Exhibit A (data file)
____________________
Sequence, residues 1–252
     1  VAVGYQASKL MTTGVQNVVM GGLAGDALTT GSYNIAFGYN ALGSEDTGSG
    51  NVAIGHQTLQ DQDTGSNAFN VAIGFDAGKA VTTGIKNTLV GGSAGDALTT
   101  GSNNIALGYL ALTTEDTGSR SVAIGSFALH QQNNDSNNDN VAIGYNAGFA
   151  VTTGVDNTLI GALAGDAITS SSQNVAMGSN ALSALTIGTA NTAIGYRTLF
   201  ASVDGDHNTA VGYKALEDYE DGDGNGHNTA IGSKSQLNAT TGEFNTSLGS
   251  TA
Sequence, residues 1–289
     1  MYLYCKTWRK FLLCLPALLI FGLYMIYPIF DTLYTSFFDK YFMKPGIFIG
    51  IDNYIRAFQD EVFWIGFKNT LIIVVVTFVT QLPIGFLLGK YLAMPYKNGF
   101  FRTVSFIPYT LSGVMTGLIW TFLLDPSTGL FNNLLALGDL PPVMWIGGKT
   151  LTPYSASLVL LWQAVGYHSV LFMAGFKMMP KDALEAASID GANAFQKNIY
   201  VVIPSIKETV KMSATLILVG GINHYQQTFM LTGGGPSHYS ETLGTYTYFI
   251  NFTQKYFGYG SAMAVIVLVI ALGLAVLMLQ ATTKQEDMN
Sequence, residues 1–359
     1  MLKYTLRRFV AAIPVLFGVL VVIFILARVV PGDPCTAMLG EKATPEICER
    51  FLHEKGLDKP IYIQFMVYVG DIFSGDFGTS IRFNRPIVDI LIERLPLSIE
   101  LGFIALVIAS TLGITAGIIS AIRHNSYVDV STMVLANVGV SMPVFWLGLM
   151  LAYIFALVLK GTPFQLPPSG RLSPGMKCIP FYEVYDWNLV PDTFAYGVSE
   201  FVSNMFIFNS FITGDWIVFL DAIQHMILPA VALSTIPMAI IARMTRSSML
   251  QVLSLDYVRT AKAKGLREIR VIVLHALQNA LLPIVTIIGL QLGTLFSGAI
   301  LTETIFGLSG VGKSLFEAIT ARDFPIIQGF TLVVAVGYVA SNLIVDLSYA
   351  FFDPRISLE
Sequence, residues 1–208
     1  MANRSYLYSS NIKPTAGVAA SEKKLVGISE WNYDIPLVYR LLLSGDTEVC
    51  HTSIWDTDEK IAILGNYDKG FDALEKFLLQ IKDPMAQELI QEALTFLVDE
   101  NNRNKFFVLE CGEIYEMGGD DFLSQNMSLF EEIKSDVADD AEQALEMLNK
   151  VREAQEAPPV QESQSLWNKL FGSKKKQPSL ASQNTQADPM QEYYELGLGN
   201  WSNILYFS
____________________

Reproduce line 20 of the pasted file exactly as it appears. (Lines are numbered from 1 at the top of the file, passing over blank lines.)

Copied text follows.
   201  FVSNMFIFNS FITGDWIVFL DAIQHMILPA VALSTIPMAI IARMTRSSML